By firstname.lastname@example.org (Ben Winck)
Say something if you’ve heard this one before.
The deadline to raise or suspend the debt ceiling is weeks away. Democrats say the responsibility to avoid a catastrophic default on America’s debt is bipartisan, as it has been the 78 times Congress has avoided it before. Senate Republicans, however, are withholding their support. They argue that Democrats need to go it alone if they want to spend trillions on President Joe Biden’s economic agenda.
The situation is almost identical to the one lawmakers faced earlier in the fall. A debt-ceiling crisis was avoided in October when Senate Minority Leader Mitch McConnell reversed course at the last minute and helped Democrats get a two-month extension on the deadline.
Now senators are running into the same challenge again. Treasury Secretary Janet Yellen said Tuesday that the US can only continue to pay its bills until December 15. With mere weeks to stave off catastrophe, neither party has changed its tune.
“We cannot let the full faith and credit of the United States lapse and we are focused on getting this done in a bipartisan way,” Senate Majority Leader Chuck Schumer said in a Tuesday press conference.
At around the same time, McConnell said Congress would “figure out how to avoid default,” adding “we always do.”
McConnell has said he won’t offer Democrats the same deal he gave in October. Sen. Ted Cruz told Insider he doesn’t have any plans to join Democrats in raising the limit, and Sen. Lindsey Graham said Republicans are “still talking about it.”
“I hope we come up with a plan,” Graham told Insider.
Democrats pushed into the reconciliation corner
That leaves Democrats with just one realistic option. The party could lift the ceiling through the reconciliation process, which lets Senate Democrats approve legislation with a simple 50-vote majority. Treasury Secretary Janet Yellen warmed to the option earlier in November, telling The Washington Post it’s a “viable” solution and much better than to “play chicken” with Republicans.
Schumer stopped short of ruling out reconciliation, and other key party members have hinted the process is being explored.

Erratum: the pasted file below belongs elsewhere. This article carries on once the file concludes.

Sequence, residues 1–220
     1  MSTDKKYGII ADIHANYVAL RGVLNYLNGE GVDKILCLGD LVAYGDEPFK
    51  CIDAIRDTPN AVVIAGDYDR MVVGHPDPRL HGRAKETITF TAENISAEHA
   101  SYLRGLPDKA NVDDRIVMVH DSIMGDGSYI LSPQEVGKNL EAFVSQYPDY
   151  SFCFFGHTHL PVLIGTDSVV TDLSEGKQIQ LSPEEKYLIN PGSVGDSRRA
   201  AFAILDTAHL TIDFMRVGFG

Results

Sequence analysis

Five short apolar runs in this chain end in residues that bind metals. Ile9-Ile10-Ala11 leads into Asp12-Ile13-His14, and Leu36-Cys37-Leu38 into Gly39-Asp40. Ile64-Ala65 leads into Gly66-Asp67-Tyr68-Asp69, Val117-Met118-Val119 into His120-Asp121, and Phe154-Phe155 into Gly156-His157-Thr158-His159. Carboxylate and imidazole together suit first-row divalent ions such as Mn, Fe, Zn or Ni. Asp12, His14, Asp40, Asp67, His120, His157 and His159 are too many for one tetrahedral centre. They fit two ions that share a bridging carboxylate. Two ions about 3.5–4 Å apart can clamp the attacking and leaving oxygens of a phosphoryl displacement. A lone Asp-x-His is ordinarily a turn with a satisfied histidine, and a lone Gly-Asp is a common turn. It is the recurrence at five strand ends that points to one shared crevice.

“We’re looking at all the options, but this country cannot fail to pay its debt,” Sen. Bernie Sanders told reporters Tuesday.
Other Senate Democrats, however, see bipartisan agreement as the only option. Reconciliation requires more than a week of intense negotiations. Republicans could create new delays by hanging “so many crazy amendments” on a reconciliation bill, Sen. Tammy Duckworth told Insider, adding Democrats “made it clear that we’re not doing debt ceiling with reconciliation.”
The process is “just so much more complicated” and completely unnecessary if the GOP would lend a hand, Sen. Sherrod Brown said.
“Why not just do what presidents of both parties and leaders of both parties in the House and Senate have done in the past?” he told Insider.
The dangers of a US default
If Congress bucks precedent and fails to raise the limit, the fallout would be swift and devastating. Government payments, such as payroll for federal workers and Social Security checks, would be immediately frozen. Financial markets would plummet as investors dump risky assets and seek safe haven. Stock prices would crash by one-third before recovering, and the crash would erase roughly $15 trillion from household wealth, according to Moody’s.
The crisis would also come as the economic recovery starts to accelerate. The country is still far from fully healed, and breaching the debt ceiling would only plunge it into a new disaster. Moody’s estimates the crisis would eliminate about 6 million jobs and nearly double the unemployment rate to 9%.
Much of the damage to the country would be intangible and nearly impossible to forecast. Hitting the limit would mar centuries-old confidence in government credit. The US dollar serves as the world’s reserve currency in part because of its stability. Governments and businesses around the globe rely on the US to always repay its debts.
A default would shake that core aspect of the global financial system. Borrowing costs in the US would skyrocket as governments and industry seek out an alternative currency. Interest payments on everything from home loans to credit cards would climb. Even if the US can stabilize its economic situation, confidence in its credit would be permanently dented.
“I can’t think of anything more harmful to the role of the dollar than failing to raise the debt ceiling,” Treasury Secretary Yellen said in September Senate testimony.
The clock is ticking for lawmakers to save the country from economic chaos. And so far, no lawmaker has a clue how they’re going to do it.